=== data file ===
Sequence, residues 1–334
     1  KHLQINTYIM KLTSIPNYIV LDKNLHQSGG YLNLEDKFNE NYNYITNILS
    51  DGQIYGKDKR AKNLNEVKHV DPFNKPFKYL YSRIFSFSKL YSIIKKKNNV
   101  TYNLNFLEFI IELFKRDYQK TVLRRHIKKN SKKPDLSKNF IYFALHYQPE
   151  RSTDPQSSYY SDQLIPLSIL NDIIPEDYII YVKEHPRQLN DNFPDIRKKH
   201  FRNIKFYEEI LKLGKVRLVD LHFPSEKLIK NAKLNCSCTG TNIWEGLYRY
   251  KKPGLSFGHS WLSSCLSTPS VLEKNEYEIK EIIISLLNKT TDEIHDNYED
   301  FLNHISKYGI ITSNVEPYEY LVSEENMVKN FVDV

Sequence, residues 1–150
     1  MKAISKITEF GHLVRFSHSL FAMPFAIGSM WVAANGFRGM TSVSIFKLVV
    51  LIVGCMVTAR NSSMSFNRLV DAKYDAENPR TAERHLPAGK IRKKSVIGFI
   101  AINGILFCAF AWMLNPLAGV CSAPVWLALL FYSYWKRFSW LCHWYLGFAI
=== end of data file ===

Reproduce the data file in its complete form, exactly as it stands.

Sequence, residues 1–334
     1  KHLQINTYIM KLTSIPNYIV LDKNLHQSGG YLNLEDKFNE NYNYITNILS
    51  DGQIYGKDKR AKNLNEVKHV DPFNKPFKYL YSRIFSFSKL YSIIKKKNNV
   101  TYNLNFLEFI IELFKRDYQK TVLRRHIKKN SKKPDLSKNF IYFALHYQPE
   151  RSTDPQSSYY SDQLIPLSIL NDIIPEDYII YVKEHPRQLN DNFPDIRKKH
   201  FRNIKFYEEI LKLGKVRLVD LHFPSEKLIK NAKLNCSCTG TNIWEGLYRY
   251  KKPGLSFGHS WLSSCLSTPS VLEKNEYEIK EIIISLLNKT TDEIHDNYED
   301  FLNHISKYGI ITSNVEPYEY LVSEENMVKN FVDV

Sequence, residues 1–150
     1  MKAISKITEF GHLVRFSHSL FAMPFAIGSM WVAANGFRGM TSVSIFKLVV
    51  LIVGCMVTAR NSSMSFNRLV DAKYDAENPR TAERHLPAGK IRKKSVIGFI
   101  AINGILFCAF AWMLNPLAGV CSAPVWLALL FYSYWKRFSW LCHWYLGFAI